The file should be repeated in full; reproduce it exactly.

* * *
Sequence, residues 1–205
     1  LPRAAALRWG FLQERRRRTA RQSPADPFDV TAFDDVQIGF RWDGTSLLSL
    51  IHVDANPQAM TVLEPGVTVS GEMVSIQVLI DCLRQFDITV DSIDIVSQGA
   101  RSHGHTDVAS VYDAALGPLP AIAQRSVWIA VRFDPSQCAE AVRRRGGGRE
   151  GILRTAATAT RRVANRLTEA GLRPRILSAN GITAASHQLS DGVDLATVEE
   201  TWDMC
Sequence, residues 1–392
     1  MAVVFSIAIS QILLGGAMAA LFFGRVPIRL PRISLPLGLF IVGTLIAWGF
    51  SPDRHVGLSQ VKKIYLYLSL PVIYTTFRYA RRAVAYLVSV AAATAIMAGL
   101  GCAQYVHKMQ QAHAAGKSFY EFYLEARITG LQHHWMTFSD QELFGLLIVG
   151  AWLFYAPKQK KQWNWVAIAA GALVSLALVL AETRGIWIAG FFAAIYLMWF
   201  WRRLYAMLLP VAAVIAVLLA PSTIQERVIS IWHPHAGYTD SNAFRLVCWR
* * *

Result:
Sequence, residues 1–205
     1  LPRAAALRWG FLQERRRRTA RQSPADPFDV TAFDDVQIGF RWDGTSLLSL
    51  IHVDANPQAM TVLEPGVTVS GEMVSIQVLI DCLRQFDITV DSIDIVSQGA
   101  RSHGHTDVAS VYDAALGPLP AIAQRSVWIA VRFDPSQCAE AVRRRGGGRE
   151  GILRTAATAT RRVANRLTEA GLRPRILSAN GITAASHQLS DGVDLATVEE
   201  TWDMC
Sequence, residues 1–392
     1  MAVVFSIAIS QILLGGAMAA LFFGRVPIRL PRISLPLGLF IVGTLIAWGF
    51  SPDRHVGLSQ VKKIYLYLSL PVIYTTFRYA RRAVAYLVSV AAATAIMAGL
   101  GCAQYVHKMQ QAHAAGKSFY EFYLEARITG LQHHWMTFSD QELFGLLIVG
   151  AWLFYAPKQK KQWNWVAIAA GALVSLALVL AETRGIWIAG FFAAIYLMWF
   201  WRRLYAMLLP VAAVIAVLLA PSTIQERVIS IWHPHAGYTD SNAFRLVCWR